Chapter 8 : Metabolites as Intercellular Signals for Regulation of Community-Level Traits

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This chapter describes work on new and emerging systems that describe roles for excreted cellular metabolites as intercellular signals. The therapeutic value of antibiotics is unquestionable; however, understanding the biological role of these compounds in natural settings may not be as intuitive as the definition of antibiotics would suggest. Increases in biofilm formation were correlated with a 10-fold increase in expression of the operon upon treatment with antibiotic. The internal concentration of polyamines is tightly regulated through a combination of biosynthesis, transport, and excretion. In , putrescine is synthesized either by decarboxylation of L-ornithine or decarboxylation of Larginine followed by removal of a urea molecule. is known to make and excrete both monorhamnolipids (mono-RHLs) and dirhamnolipids (di-RHLs), which have either one or two attached rhamnose groups, respectively. In , indole is imported from the extracellular environment predominantly by the Mtr permease whereas efflux of indole out of the cell is performed by the AcrEF pump. The chapter provides evidence that supports the role of various metabolites in the regulation of community-level traits, such as biofilm formation, swarming, and filamentation.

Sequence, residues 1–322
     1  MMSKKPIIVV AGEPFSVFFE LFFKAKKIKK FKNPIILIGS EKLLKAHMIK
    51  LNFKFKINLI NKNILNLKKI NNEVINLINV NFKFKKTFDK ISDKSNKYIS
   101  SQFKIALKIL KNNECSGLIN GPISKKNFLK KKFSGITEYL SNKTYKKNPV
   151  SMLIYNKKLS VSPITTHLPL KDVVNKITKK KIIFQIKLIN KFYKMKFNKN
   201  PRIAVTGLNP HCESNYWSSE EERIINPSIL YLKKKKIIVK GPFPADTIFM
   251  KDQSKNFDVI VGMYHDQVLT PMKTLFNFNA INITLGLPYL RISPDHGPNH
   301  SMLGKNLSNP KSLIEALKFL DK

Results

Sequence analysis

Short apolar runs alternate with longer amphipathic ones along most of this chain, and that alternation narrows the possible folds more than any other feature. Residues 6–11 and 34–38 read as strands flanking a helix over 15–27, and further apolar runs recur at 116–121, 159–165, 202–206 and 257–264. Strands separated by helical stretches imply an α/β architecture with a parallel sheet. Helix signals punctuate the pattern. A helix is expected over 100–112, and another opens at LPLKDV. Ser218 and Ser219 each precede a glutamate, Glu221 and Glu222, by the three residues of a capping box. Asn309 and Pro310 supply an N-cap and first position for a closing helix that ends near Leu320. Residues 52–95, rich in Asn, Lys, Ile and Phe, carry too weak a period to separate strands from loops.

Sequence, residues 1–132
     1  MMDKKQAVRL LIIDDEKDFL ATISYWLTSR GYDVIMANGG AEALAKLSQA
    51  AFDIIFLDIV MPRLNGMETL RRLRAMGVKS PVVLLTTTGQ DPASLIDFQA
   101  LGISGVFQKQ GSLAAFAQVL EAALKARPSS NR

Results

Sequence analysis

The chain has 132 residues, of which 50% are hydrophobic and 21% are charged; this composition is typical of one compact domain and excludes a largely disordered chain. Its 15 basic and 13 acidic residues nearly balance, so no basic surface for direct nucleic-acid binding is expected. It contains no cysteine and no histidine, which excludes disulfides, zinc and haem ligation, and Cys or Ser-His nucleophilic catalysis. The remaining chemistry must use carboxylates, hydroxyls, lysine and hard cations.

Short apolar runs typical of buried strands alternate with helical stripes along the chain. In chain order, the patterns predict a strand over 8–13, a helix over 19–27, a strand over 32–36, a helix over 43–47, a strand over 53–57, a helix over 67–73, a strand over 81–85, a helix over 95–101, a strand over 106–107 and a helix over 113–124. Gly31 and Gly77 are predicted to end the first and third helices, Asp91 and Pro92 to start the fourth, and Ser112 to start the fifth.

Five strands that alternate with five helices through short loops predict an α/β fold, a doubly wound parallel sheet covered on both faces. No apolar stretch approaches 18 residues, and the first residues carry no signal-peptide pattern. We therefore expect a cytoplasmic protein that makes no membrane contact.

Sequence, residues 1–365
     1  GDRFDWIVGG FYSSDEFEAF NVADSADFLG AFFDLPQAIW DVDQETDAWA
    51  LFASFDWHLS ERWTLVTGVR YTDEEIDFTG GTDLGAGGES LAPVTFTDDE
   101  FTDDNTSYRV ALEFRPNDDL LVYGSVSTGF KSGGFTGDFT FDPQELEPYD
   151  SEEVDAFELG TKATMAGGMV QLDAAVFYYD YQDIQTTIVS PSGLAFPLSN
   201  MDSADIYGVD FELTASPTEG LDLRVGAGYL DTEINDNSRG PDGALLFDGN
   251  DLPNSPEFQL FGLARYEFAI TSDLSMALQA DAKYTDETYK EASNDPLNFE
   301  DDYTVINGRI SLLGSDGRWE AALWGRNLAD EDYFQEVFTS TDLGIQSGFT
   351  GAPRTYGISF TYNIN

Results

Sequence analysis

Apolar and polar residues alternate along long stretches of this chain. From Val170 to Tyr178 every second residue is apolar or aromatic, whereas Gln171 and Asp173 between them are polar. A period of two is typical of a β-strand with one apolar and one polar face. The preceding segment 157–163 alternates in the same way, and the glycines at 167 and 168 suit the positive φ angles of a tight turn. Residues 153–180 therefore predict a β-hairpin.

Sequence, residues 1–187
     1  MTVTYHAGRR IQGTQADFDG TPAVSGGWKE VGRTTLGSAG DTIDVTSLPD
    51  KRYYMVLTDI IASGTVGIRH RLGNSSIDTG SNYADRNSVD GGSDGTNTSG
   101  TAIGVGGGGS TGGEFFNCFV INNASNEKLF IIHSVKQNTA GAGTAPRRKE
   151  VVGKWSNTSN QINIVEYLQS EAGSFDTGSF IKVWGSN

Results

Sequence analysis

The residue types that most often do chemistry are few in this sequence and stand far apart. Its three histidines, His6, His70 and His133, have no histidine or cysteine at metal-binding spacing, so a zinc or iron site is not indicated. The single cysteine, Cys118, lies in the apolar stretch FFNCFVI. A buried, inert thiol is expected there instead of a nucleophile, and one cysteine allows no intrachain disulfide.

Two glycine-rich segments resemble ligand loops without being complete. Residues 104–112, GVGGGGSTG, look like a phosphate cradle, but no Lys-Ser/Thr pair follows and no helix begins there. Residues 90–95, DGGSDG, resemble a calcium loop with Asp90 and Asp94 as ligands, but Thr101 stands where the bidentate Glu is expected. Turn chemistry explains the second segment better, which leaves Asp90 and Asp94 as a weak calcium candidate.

Citation: Monds R, O’Toole G. 2008. Metabolites as Intercellular Signals for Regulation of Community-Level Traits, p 105-129. In Winans S, Bassler B (ed), Chemical Communication among Bacteria. ASM Press, Washington, DC. doi: 10.1128/9781555815578.ch8

Key Concept Ranking

Heterocyclic Compounds
Cellular Processes
Antimicrobial Peptides
Amino Acids
Cell Division
Signal Molecules
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